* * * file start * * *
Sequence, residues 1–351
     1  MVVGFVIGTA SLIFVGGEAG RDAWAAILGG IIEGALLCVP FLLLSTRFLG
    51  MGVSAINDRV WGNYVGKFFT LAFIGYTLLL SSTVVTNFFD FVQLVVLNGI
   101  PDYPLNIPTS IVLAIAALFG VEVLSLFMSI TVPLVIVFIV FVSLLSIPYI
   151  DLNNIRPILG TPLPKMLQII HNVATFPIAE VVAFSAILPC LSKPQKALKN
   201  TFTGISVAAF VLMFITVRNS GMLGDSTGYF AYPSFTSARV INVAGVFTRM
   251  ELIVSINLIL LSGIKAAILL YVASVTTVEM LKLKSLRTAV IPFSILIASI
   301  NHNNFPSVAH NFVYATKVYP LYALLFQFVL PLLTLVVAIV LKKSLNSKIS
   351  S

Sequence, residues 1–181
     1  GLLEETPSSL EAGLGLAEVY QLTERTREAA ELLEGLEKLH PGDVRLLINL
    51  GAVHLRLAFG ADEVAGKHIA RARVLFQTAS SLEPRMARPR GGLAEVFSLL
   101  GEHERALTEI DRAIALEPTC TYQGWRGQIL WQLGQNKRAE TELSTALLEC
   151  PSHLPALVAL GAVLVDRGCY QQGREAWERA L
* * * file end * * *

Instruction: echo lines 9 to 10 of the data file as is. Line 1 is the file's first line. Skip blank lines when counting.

   351  S

Sequence, residues 1–181